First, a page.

The Vaughan – Tarilta Road Bridge

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 This post illustrates one of the unexpected drawbacks of rural living. The Vaughan – Tarilta Bridge crosses the Loddon River providing access for a small number of Vaughan residents to the main sealed road which connects Vaughan to nearby Fryers Town, Guildford and Castlemaine.

The bridge was closed in September 2012 after it fell into disrepair thus isolating residents from reliable access to the main road. The residents rely on a ford across the Loddon River used by emergency vehicles. This works only whilst the Loddon is dry. The residents’ other option is to drive along a gravel road to the main road via the tiny settlement of Tarilta. The gravel road passes through a farm property complete with free ranging geese and cows.

Residents were understandably upset when earlier this year, the Mt. Alexander Shire Council announced the kerbside waste and recycling collection services were being withdrawn because the bridge was impassable. The council expected the affected residents to take their waste to the transfer stations at Castlemaine or Maldon where a fee is charged or engage a private waste contractor. There was no mention of a reduction in the council rates payable by the residents – Grrrr!

The local press has documented the ongoing saga of attempts by council and local politicians to find funding so the Vaughan – Tarilta Bridge can be rebuilt.

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Some one is making a point through this informal art installation about the ongoing closure of the bridge.

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5 Responses

  1. Fair enough if the tip truck can’t make it over the bridge but REDUCE THE RATES! It’s not like a few people on the other side of the bridge are going to make much of a dent in the councils coffers now is it?! You can’t charge someone for something that you aren’t giving them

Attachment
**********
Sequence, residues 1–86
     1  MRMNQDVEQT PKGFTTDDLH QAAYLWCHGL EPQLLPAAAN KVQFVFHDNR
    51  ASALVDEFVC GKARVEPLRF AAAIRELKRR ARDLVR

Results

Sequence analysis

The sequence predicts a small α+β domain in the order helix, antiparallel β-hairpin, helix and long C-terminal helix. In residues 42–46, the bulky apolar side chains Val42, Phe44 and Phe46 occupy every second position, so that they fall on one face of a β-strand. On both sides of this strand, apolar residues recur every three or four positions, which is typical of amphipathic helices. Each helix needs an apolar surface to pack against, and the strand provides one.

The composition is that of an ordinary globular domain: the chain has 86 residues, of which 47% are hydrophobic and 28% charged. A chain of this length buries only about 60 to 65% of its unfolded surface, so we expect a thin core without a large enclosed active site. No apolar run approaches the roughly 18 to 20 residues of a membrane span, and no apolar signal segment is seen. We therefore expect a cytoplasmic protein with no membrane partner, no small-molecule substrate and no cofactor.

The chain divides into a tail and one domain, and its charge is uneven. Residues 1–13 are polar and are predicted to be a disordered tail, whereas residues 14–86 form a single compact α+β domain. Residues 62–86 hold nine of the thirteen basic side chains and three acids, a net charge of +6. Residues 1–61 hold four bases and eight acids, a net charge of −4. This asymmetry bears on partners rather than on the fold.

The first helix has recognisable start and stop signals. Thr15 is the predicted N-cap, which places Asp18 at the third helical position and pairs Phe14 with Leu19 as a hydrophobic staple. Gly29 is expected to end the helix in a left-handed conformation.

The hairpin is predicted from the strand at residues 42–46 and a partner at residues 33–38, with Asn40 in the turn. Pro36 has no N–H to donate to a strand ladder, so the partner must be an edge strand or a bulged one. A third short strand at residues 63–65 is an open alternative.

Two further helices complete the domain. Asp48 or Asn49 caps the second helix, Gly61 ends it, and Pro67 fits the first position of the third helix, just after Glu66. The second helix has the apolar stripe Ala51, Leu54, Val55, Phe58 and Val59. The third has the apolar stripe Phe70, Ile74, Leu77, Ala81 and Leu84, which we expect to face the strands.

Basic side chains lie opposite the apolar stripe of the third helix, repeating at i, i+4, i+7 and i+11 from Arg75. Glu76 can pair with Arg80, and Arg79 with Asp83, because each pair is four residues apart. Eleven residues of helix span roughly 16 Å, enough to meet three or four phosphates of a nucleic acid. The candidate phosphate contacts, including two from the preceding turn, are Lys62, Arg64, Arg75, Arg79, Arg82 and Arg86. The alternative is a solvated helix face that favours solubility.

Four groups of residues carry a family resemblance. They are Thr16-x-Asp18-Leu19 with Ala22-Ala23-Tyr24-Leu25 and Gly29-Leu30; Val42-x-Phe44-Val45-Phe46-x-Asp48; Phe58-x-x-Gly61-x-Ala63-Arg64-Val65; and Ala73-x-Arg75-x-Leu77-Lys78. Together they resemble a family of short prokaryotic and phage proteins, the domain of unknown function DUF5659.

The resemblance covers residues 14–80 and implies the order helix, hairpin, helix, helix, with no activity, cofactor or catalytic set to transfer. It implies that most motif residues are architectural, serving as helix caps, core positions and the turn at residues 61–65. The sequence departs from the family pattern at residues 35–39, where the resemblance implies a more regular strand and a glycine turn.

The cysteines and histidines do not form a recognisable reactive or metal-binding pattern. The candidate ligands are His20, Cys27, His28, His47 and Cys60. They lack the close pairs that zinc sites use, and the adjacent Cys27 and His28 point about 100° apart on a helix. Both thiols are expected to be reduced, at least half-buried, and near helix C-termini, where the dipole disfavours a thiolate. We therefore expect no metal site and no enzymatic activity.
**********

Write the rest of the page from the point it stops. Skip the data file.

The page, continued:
• Hi Fran, Yes it is especially galling given the rates notice has a separate waste collection charge so the fee for waste collection isn’t buried in the general rates charge. I don’t know if the affected residents were able to get the decision reversed.

      The trouble is if the council fails to provide this service or it is too expensive to take wast to the transfer station, (the tip to you and me), residents may choose to dump their rubbish in the bush – not a good solution.

      • I think that they should dump their rubbish on the council front doorstep 😉

  2. This post reminds me so much of our area. Many old bridges or weather-wreaked bridges have isolated folks in many parts of Oklahoma. The cost of new bridges and by-passes is tremendous. And we don’t often think of the domino effect it all has on commerce and community. Hopefully, this event will prompt a shift to community working together and raise ideas on how the cost of rebuilding can be achieved.

    • Thanks Lori, I think the situation with the Vaughan – Tarilta bridge is being used by the media as a prime example of the challenges faced by rural councils to maintain or replace the many bridges within their municipalities. Their smaller rates base compared with cities means they often depend on state and federal grants to build new bridges.
      As you have said, the isolation caused by bridge closures can have wide reaching impacts on small communities. One of the concerns for Vaughan residents is the increased risk they face if there should be a bush fire threatening the township.

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